National character studies
From The Art and Popular Culture Encyclopedia
""Imagine, my dear friend, if you can [...] a society formed of all the nations of the world ... people having different languages, beliefs, opinions: in a word, a society without roots, without memories, without prejudices, without routines, without common ideas, without a national character, yet a hundred times happier than our own." --Alexis de Tocqueville on the United States
National character studies refers to a set of anthropological studies conducted during and directly after World War II that arose from (and ultimately ended) the Culture and Personality School within psychological anthropology.
National Character Studies arose from a variety of approaches with Culture and Personality, including the Configurationalist Approach of Edward Sapir and Ruth Benedict, the Basic Personality Structure developed by Ralph Linton and Abram Kardiner, and the Modal Personality Approach of Cora DuBois. These approaches disagreed with each other on the exact relationship between personality and culture. The Configurationalist and Basic Approaches both treated personalities within a culture as relatively homogeneous, while Cora DuBois argued that there are no common personality traits found in every single member of a society.
Major Works on National Character include:
Ruth Benedict's The Chrysanthemum and the Sword on Japanese national character. Because researchers could not enter Japan at the time, Benedict conducted her research as "fieldwork-at-a-distance" through literate, film, and Japanese ex-patriots (mostly concentration camp victims) in the United States. Although her work can be criticized for returning to the "armchair anthropology" of the earliest anthropologists (such as Edward Tylor), other scholars of Japan have verified the symbolic importance of aestheticism and militarism for national identity (which is not necessarily to say individual personality).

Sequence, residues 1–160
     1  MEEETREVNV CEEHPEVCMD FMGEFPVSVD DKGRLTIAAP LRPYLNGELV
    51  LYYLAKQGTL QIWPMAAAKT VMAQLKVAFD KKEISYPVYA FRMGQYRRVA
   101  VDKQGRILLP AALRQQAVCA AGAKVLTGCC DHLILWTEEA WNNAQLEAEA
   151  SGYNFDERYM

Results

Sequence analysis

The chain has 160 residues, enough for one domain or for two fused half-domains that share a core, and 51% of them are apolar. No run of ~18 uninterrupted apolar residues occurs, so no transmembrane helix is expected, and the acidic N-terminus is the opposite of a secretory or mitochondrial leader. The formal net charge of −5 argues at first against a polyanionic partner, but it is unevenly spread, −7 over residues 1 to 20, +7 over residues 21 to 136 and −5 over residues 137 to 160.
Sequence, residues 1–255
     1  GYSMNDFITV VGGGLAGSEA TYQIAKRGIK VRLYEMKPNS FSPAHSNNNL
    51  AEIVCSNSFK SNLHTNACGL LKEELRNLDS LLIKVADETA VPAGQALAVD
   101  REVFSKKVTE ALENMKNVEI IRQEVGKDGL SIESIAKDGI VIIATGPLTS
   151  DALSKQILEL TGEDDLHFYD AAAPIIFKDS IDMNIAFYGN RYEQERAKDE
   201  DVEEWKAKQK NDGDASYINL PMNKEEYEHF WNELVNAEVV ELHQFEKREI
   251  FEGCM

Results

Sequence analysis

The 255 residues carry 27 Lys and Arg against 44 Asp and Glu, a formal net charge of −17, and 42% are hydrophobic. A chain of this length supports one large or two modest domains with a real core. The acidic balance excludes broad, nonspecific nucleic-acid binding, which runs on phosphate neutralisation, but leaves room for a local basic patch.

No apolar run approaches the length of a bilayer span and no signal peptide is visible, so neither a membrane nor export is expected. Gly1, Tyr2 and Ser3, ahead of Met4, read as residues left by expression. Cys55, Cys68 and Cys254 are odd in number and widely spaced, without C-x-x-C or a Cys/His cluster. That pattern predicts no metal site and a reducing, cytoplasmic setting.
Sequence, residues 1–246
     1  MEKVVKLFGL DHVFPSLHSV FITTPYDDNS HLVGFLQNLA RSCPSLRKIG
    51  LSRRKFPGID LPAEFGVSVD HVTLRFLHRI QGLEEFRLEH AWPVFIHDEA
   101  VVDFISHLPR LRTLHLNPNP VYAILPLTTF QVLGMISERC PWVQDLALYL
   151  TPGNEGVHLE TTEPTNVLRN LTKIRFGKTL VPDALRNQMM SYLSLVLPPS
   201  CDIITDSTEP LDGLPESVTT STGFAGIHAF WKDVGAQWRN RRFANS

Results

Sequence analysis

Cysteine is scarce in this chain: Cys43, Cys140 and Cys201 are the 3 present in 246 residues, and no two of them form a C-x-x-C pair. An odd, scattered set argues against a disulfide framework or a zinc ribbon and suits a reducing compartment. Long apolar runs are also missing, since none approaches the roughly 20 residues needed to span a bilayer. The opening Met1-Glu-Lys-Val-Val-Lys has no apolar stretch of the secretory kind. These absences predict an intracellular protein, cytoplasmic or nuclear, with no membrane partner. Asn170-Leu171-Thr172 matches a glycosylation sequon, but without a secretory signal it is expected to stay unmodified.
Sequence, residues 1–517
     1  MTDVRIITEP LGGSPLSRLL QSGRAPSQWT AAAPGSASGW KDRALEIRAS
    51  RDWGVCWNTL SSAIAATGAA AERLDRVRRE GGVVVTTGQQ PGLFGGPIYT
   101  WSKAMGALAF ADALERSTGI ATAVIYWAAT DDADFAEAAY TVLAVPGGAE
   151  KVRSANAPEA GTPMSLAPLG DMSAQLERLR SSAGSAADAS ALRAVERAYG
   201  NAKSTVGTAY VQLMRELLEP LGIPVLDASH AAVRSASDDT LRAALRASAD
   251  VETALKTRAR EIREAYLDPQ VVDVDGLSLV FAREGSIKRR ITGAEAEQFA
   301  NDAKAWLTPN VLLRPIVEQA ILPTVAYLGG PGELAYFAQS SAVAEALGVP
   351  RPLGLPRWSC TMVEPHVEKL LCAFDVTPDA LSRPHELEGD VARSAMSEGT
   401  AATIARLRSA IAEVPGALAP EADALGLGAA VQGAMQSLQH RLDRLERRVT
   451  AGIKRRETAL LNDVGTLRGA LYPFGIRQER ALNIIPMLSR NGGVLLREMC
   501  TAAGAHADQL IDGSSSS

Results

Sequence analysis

Margaret Mead's And Keep Your Powder Dry: An Anthropologist Looks at America (1942)
Geoffrey Gorer's The People of Great Russia: A Psychological Study (1949)
This last monograph led to the demise of National Character Studies and Culture and Personality as a whole due to its poor reception. In it, Gorer argues that the personality of the Russians, so distasteful to their enemies and his sponsor, the Americans, resulting from their practice of swaddling infants, wrapping them tightly in blankets. This, Gorer posited, generated cold and removed personalities in adulthood. This theory became known as the "swaddling hypothesis," and was generally regarded as unworkable, simplistic, and hastily determined.
The main contribution of Culture and Personality was to show that, revolutionary at the time, socialization continued beyond infancy and early childhood, and national discourses could have an effect on personal character. The entire approach is now considered defunct.
- Heaven is where the police are British
- National psychology
- National emblem
- Margaret Mead
- Cultural determinism